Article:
Miss Caroline Clemmons has boarded the stage and will arrive here on Saturday, February 2nd.
We never have to twist the dear lady”s arm to get her to talk about cowboys and ranchers and the like. She”s always raring to share some fascinating tidbit. I do believe she has extensive knowledge of the old west.
Just wondering if she knows anything about lovesick
mules. My Jasper is still carrying on something awful with a pretty little donkey over at the next farm.
Miss Caroline has packed some books to give away in her traveling bag to promote her new book called BRAZOS BRIDE. It looks like a humdinger.
If you want to get your name in the drawing for a book hightail it over
I have a thing for cookbooks. And especially church cookbooks. And especially especially old ones. Those church ladies have always been able to cook, haven”t they? I also have a thing for interesting tidbits of American history and enjoy learning how things were done and imagining the people. In the 80s I participated in putting together a church cookbook, and I bought enough copies so that my daughter”s could all have one once they were married. The recipes have become such family favorites that they are staples at gatherings and even weekday meals. One of my daughters wore hers completely put until it fell apart.
Years ago a friend from a writer’s listserv sent me a copy of a cookbook her grandmother had given her. Little did she know that all these years and books later, I would still be gleaning helpful tidbits from a booklet titled COOK BOOK compiled by THE LADIES of the Methodist Episcopal Church, Eureka Kansas, 1896.
From this little gem, I have used names, recipes and tips, and created businesses for the fictional towns in my stories. Cookbooks are pieces of history, especially those put together by the women of those early towns and cities. The advertisers who paid for space and thereby funded the ladies’ project were a diverse group. Leedy’s Dry Goods and Clothing House for example boasts the lowest prices guaranteed and quality unexcelled. Their tag line: Good cooking is most appetizing on neat linens. We have them.
Chas. A. Leedy sold dry goods, boots and shoes, fancy goods, clothing, and men’s furnishing goods. I have no idea what a men’s furnishing good was, but I am confident Mr. Leedy sold only quality in that line.
Interesting that listed among the directors of the First National Bank was none other than C.A. Leedy. Seems men’s furnishings were making him a tidy profit.
H. C. Hendrick called himself a dealer in pure drugs—my how the times have changed. No one admits to being a drug dealer nowadays. H.C. sold medicines, chemicals, oils, varnishes, glass, putty, fine brushes (my husband swears a little putty and a fine brush can conceal anything; he must have descended from the Kendricks). They also sold a full and complete line of fancy toilet articles, fine stationary, choice perfumes, books, dye stuffs and all other articles usually kept in a first class Drug Store. Prescriptions were accurately compounded.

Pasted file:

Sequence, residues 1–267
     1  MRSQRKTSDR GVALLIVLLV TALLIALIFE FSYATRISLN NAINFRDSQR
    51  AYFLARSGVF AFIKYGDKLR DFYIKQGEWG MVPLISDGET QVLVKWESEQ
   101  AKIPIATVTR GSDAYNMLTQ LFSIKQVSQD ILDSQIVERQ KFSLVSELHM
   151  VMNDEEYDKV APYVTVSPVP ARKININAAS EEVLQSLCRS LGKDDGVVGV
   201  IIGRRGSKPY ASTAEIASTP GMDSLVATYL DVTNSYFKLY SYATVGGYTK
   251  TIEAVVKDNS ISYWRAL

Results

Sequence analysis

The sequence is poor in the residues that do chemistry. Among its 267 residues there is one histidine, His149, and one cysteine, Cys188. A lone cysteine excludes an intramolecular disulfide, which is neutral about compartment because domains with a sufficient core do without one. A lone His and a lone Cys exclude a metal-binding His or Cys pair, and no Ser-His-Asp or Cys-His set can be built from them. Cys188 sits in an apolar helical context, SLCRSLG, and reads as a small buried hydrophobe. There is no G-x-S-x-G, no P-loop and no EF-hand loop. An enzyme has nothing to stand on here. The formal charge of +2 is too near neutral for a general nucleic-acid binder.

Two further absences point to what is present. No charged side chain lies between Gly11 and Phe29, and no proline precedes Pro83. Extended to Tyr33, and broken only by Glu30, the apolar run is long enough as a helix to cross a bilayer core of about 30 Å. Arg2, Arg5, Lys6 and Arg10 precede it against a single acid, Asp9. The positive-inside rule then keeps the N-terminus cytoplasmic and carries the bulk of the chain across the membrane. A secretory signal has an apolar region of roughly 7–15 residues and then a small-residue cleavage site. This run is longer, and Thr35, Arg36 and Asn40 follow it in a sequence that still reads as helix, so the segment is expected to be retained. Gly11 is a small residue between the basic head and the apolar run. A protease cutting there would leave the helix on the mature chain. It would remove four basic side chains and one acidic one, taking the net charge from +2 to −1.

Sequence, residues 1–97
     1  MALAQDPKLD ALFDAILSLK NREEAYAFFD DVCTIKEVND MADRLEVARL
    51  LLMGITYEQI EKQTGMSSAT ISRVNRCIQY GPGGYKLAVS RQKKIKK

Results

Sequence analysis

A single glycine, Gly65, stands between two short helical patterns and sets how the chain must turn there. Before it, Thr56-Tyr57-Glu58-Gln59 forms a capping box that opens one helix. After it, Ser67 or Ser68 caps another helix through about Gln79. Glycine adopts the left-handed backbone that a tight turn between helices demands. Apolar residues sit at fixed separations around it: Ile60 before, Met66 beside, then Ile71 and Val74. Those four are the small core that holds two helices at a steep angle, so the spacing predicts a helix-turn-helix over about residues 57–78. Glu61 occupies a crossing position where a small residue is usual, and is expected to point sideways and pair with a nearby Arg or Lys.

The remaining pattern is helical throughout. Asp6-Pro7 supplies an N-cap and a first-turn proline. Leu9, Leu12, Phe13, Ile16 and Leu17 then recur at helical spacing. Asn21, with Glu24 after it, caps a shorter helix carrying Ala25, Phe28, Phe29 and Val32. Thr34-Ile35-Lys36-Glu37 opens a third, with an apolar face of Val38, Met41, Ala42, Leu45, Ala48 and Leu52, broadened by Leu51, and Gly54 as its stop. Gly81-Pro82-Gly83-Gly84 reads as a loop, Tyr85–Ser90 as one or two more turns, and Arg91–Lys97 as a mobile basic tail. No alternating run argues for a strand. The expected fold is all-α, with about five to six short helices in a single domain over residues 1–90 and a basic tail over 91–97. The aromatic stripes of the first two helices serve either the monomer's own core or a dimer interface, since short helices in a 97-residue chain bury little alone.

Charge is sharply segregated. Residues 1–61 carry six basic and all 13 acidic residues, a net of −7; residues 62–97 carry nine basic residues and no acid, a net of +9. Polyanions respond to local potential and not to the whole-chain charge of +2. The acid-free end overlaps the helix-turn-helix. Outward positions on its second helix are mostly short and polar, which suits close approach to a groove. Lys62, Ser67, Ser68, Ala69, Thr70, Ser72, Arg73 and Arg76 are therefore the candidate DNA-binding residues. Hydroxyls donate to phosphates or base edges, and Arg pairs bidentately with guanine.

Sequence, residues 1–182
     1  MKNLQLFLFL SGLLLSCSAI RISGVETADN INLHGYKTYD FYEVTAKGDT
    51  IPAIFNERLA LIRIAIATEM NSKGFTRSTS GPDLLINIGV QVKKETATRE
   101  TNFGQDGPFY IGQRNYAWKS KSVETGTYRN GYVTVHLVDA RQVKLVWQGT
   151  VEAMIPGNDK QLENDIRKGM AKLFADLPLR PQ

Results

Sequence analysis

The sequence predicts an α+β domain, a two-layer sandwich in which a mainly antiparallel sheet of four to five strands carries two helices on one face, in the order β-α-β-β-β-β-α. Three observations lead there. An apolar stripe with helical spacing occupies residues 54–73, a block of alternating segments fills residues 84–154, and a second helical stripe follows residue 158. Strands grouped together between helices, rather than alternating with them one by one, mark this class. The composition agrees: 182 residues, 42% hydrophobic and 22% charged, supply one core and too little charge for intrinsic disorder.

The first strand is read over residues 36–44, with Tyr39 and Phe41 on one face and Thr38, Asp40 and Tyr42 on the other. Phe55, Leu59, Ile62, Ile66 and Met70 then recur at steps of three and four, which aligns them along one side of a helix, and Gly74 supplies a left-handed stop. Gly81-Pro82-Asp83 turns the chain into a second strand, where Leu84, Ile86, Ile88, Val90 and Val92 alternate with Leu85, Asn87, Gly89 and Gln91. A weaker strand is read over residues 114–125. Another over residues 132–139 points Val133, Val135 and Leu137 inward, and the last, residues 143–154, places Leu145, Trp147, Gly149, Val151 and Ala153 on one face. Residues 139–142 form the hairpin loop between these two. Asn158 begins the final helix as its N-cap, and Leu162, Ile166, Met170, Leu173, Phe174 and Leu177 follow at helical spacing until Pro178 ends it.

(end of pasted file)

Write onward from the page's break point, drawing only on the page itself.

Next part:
Then there was H.C. Zilley, dealer in hardware, stoves and tinware who sold agricultural implements and wagons, with sidelines of furniture and undertaking. Why not get into the undertaking business? He already had the shovel and wagon.
Lewis’ Art Studio did photography in all its branches; proofs are shown and all work guaranteed. VIEWING A SPECIALTY. I don’t know what that means either, I’m just telling you how their ad reads. YOUR PATRONAGE SOLICITED. Those printers liked their capitals, and they had all kinds of fancy fonts. This place was opposite the courthouse, FYI.
Now, Frank B. Gregg, he sold Fire,…Lightning and Tornado… Insurance – and he liked effusive punctuation. Okay, this was Kansas, so that tornado insurance probably came in handy. Suppose Aunty Em took out a policy with Frank?
A.Frazer’s Transfer and Bus Line: Meets all Trains, All Calls Carefully Attended
Your guess is as good as mine here.
Miss Nellie Smith was pianist, teacher of piano and organ and a pupil of Rudolf King, Kansas City. Her terms were moderate.
W.W. Morris was another dealer in pure drugs and medicines. Also advertised were paints, oils, varnishes school andmiscellaneous books, stationary, window shades, wall paper, musical merchandise, jewelry, fancy and toilet articles. “We manufacture the following specialties and guarantee them to be the BEST articles for the purposes recommended: Calla Cream, Castole,
Excelsior Compound.” They were located NO. 23 OPERA BLOCK.
The church ladies who contributed to this publication had wonderful names like Madella Smith, Eva Downard, Katie Addison, Olive Sample, Hattie Kelley, Lydia Thrall, Cornelia Newman, Mabel Mueller, Lulu Kendrick and Lizzie Bell.
A big percent of the recipes contain lard, and many of them, like biscuits and Boston brown bread, ginger cake and ginger snapsare items we could whip up in our kitchens today, with the exact ingredients and directions. Others—not so much. Like suet as an ingredient. I’ve only fed suet to the birds. And what is black mustard? It’d required to make cucumber catsup.
Scrapple: Scrape and clean well a pig’s head as directed in pig’s head cheese, put on to boil in plenty of water, cook 4 or 5 hours, until the bones will slip readily from the meat :::are you shuddering yet?::: take out, remove meat, skim off the grease from the liquor in pot and return the chopped meat to it, season highly with salt and pepper and a little powdered sage if liked, and add corn meal till of the consistency of soft mush; cook slowly 1 hour or more, pour in pans and set in a cool place. This is nice sliced and fried for breakfast in winter and will answer in the place of meat on many occasions.
As you can see the Methodist Episcopal Church Ladies have given me plenty of material for my stories. Little did they know so long ago that their contributions and ads would
be research and fodder for imagination.
My newest venture is indie publishing, and I”ve just released three of my earliest books for Kindle and Nook. It was interesting to read over the stories I wrote so long ago, and it was great to have an opportunity to tweak things and bring them more up to date.